Menu Close

Human writes

Guest post: Paris Aristotle talks asylum seekers at the Castan Centre

This is a guest post from Adam Fletcher. Adam manages the accountability project at the Castan Centre for Human Rights Law. View his profile here.

Last night in Melbourne the Castan Centre for Human Rights Law hosted an event which gave Paris Aristotle an opportunity to speak about his involvement in the government’s Expert Panel on Asylum Seekers. Aristotle was interviewed live by The Age newspaper’s National Affairs Editor Michael Gordon, who was one of the few journalists to visit Nauru under the Howard government.

For those who are not aware of his background, Aristotle is the Director of Foundation House – the Victorian Foundation for Survivors of Torture. He has been on various government advisory boards for refugee resettlement and humanitarian issues for more than 20 years, and was named a Member of the Order of Australia for his work with refugees in 2002.

Asylum seeker expert advisory group member Paris Aristotle. AAP Image/Alan Porritt

A key theme in the evening was Aristotle’s clear commitment to the Expert Panel report as an integrated package of recommendations, rather than as a set of recommendations to be cherry-picked according to the government’s will. He said he had informed the prime minister that his continued support for her policies was contingent on implementation of all recommendations, rather than only the deterrent aspects which have already been put in place.

As is well known, the panel recommended the recommencement of offshore processing in Nauru and on Manus Island. Perhaps inevitably, it is that aspect of the report that has attracted the most attention and controversy. Aristotle explained his position on that issue. Although he said he had “significant anxiety” about the resurrection of offshore processing after the suffering experienced by those who went through it last time, he concluded it was a necessary “circuit breaker” to prevent loss of life at sea, which has increased significantly in the past couple of years. More than 2000 boat arrivals per month means 40-50 boats on the water at once; exceeding the capacity of the Navy and search and rescue agencies to cope.

Faced with the ethical dilemma of whether to recommend Australia do what it can to prevent further deaths at sea, Aristotle said he and the rest of the panel came to the conclusion that it was unacceptable to omit a recommendation to provide a strong disincentive to getting on leaky boats.

Aristotle contended that critics were failing to face up to the life-and-death consequences of their opposition to offshore processing. He also said that many critics seemed not to have read the panel’s full report because their comments were ill-informed. He claimed the panel had been criticised for recommending a decrease in family reunion places when in fact it had done the opposite.

On regional cooperation, Aristotle noted that there is significant ill-will towards Australia on this issue on the part of the Indonesian government. In particular, Indonesia feels Australia is reluctant to do its fair share in dealing with refugees in the region after the Oceanic Viking and Merak episodes.

Additionally, the mandatory imprisonment of young Indonesian fishermen on people-smuggling charges has aggravated Indonesian voters, who see them as victims of the trade rather than perpetrators. Australian NGOs and even judges had been recommending a change to this policy for some time. Once the panel recommended it be scrapped the government moved swiftly to comply.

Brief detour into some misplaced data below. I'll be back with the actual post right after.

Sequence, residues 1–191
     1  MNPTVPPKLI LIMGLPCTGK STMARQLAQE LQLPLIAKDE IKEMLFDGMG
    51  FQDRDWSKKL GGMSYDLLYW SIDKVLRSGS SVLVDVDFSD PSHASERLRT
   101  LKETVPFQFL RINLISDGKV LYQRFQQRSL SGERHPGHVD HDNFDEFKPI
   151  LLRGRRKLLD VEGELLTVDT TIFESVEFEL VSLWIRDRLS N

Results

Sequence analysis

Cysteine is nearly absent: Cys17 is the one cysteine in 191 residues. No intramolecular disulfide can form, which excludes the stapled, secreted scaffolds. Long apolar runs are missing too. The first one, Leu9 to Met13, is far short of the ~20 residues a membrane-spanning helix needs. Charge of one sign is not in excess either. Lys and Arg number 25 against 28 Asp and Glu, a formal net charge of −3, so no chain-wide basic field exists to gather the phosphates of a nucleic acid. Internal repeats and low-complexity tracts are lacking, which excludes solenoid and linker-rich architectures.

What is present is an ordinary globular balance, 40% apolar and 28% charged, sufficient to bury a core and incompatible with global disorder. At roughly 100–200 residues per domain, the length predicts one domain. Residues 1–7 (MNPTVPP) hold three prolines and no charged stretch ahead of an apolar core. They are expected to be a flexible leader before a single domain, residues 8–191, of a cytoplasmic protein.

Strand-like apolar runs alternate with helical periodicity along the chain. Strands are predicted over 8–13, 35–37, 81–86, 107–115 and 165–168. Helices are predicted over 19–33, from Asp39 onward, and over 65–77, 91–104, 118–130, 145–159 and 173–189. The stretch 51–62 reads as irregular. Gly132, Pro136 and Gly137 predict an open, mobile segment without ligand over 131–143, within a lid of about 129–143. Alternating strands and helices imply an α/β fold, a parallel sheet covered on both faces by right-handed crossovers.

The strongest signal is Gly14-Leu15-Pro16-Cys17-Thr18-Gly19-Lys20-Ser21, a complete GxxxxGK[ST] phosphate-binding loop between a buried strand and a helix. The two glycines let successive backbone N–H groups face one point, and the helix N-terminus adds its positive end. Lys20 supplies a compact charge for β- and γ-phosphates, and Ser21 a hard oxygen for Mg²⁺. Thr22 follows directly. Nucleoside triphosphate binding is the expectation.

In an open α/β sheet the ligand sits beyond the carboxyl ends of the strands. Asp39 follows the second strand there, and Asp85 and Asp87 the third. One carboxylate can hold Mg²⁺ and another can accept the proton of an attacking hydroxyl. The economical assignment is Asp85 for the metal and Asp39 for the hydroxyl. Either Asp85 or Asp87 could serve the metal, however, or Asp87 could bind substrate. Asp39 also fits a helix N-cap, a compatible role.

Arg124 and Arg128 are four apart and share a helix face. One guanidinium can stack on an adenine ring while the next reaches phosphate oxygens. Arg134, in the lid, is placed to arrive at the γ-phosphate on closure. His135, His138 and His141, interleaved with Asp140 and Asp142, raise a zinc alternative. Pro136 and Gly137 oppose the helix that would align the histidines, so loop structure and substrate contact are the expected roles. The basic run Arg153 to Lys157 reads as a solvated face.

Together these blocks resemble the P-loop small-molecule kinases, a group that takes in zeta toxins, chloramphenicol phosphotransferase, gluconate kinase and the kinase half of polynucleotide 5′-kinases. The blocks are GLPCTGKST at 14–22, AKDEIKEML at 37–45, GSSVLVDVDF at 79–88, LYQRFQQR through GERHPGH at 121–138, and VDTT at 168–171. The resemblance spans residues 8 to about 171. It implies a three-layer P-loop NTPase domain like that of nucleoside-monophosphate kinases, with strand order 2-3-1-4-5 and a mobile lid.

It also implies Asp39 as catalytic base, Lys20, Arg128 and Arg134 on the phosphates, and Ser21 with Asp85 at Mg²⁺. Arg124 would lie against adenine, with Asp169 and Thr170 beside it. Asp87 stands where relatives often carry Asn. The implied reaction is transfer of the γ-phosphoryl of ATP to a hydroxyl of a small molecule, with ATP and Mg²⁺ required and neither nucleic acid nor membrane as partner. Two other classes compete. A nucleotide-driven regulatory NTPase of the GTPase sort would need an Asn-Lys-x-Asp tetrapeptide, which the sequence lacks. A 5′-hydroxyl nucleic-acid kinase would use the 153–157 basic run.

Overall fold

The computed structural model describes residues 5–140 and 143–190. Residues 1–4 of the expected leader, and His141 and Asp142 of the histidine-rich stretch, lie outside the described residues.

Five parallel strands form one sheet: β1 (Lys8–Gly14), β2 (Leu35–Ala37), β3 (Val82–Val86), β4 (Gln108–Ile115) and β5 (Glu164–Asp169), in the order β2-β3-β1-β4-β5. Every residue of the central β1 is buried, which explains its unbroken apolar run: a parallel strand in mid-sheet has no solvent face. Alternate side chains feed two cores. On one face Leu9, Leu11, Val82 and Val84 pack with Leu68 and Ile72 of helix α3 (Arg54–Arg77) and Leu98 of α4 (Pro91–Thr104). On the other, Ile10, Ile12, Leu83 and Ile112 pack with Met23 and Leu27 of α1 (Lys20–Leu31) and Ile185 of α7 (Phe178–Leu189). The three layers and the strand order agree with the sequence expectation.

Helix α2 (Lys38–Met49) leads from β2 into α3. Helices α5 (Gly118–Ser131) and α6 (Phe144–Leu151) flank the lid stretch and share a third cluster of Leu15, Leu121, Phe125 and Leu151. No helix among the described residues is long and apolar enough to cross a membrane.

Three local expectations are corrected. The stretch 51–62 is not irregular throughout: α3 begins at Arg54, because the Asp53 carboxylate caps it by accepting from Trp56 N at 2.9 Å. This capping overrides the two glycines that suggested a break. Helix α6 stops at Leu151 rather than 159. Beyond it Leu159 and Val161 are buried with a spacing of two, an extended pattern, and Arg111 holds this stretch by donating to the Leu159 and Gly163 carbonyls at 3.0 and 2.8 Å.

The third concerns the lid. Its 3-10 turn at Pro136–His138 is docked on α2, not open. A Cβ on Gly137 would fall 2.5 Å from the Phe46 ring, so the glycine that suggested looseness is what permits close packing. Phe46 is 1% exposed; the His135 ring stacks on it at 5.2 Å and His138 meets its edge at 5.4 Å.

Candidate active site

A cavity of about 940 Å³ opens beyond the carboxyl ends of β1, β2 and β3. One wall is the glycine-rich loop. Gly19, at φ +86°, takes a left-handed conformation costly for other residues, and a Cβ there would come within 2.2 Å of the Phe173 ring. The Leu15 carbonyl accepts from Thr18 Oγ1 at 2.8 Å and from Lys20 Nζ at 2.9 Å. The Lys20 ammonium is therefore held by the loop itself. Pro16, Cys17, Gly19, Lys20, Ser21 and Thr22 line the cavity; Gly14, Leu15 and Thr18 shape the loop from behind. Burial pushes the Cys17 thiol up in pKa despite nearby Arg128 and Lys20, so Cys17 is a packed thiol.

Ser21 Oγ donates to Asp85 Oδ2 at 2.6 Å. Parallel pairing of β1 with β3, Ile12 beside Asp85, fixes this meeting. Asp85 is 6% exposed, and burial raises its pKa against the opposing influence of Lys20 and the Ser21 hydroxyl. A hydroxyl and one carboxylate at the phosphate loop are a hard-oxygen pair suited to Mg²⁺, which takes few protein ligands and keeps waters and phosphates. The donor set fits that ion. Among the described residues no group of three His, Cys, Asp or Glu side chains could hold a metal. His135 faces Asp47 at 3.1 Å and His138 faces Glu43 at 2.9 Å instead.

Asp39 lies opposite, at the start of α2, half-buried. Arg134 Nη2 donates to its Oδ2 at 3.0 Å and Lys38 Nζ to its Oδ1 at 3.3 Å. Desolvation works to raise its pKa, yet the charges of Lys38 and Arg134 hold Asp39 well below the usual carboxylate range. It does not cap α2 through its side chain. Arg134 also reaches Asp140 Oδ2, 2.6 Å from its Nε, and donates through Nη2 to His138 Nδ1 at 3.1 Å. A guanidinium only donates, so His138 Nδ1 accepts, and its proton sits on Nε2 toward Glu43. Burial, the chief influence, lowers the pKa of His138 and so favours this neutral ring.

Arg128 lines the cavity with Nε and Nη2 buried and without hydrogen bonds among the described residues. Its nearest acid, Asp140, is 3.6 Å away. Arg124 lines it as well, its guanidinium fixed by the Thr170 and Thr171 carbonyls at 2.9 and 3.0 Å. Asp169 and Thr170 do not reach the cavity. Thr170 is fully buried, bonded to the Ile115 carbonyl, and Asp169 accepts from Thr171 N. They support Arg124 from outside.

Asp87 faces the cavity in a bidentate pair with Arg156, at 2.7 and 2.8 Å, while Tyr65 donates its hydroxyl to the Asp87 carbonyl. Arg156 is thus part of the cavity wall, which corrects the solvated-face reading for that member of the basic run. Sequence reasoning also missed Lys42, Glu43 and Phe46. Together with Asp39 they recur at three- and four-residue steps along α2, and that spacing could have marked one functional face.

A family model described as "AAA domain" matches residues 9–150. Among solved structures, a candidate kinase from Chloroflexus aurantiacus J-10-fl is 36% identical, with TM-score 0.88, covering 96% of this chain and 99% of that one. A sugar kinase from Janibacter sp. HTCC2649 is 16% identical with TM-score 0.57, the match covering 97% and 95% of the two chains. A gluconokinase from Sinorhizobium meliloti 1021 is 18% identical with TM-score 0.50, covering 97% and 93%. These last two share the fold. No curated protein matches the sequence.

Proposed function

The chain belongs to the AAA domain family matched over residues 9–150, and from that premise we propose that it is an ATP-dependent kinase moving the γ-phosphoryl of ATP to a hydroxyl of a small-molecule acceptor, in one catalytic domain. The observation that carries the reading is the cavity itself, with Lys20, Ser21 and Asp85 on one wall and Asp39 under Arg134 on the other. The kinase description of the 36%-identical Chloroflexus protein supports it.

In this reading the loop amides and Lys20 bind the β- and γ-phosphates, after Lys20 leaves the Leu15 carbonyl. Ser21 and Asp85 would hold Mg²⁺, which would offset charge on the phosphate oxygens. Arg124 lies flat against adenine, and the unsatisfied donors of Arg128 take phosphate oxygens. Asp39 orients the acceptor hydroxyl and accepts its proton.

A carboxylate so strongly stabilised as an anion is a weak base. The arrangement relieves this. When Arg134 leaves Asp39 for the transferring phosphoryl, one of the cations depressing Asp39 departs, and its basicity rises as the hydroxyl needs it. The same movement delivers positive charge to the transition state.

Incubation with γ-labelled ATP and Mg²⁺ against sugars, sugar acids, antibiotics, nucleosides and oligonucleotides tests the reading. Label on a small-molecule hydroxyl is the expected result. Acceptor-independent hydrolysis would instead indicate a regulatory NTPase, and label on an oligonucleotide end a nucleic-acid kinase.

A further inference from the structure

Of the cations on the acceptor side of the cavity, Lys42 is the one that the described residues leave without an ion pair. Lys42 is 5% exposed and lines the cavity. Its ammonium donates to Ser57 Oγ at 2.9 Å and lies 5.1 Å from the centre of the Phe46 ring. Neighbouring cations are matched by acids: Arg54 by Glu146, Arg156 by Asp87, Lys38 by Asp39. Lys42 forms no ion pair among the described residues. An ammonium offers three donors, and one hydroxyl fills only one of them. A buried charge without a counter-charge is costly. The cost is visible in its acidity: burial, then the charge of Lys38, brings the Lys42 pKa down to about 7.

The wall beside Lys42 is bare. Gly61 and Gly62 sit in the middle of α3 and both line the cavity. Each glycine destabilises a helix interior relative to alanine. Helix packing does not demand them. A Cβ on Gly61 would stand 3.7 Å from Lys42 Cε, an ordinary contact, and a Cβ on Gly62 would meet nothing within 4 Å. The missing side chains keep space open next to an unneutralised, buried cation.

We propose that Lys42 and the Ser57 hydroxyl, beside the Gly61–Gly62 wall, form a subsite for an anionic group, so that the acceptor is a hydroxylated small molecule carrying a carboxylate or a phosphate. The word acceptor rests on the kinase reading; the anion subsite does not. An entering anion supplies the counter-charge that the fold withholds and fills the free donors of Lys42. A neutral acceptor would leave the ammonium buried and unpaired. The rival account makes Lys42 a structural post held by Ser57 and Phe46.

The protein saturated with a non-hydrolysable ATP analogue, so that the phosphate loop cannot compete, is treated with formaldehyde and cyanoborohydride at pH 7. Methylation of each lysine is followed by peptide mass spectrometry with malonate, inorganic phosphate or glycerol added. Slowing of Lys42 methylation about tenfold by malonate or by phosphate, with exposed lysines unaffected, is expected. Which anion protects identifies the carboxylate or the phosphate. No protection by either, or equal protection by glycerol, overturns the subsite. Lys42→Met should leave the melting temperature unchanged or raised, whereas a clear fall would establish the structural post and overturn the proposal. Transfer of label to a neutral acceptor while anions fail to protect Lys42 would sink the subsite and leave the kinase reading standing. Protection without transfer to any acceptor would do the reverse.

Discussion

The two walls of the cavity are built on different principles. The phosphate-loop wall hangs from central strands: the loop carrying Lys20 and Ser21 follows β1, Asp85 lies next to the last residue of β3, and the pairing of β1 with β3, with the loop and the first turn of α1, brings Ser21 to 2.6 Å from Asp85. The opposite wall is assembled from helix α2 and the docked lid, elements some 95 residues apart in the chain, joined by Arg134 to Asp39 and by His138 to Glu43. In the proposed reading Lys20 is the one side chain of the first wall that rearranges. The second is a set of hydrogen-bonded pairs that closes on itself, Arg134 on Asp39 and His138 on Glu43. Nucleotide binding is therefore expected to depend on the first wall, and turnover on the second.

Aristotle said he recognised that enhanced regional cooperation is crucial to the success of the Panel’s package of recommendations. He said the proposed “no advantage” test would see people kept on Nauru and Manus for “a couple of years”, if that was how long it took to establish an orderly regional process, though he did not specify an exact time frame.

On the other hand, he did not seem particularly optimistic about the prospects for improved cooperation, which does not sit well with his assertion that people will not be on Nauru/Manus for “four, five or more years like last time”. He also conceded that the initial transfers to the islands may produce ugly scenes (as they did before).

Still, he insists that the regime as recommended is not intended to be punitive, and that safeguards such as guaranteed access to medical care and legal representation will constitute a significant improvement over the original Pacific Solution. He reported that his organisation and others are already advising the government on the implementation of safeguards and how processing should proceed.

Aristotle was at pains to point out that there are several aspects of the Panel’s recommendations (which have already been accepted in principle by the government) which are unprecedented – for example $10.5m for regional capacity-building and $70m for NGOs to boost their protection work. He urged NGOs to grasp the opportunity presented by this funding injection.

Aristotle expects the first planeload of the 400 extra refugees to be resettled from Indonesia to arrive in Australia very soon, and an announcement on the extra 4000 places in the family stream to be announced within the next couple of weeks.

In summation, there was no perfect answer to the problem of irregular asylum seeker flows; only improved ways of managing the issue. He cautioned that we cannot take an unlimited number of refugees, nor can we have a credible asylum system under the Refugees Convention unless we are able to return those who are found not to be in need of protection.

For Aristotle, the most important thing is to provide a system which is as fair as possible to all refugees – those who arrive by boat and those who do not.

Want to write?

Write an article and join a growing community of more than 178,700 academics and researchers from 4,890 institutions.

Register now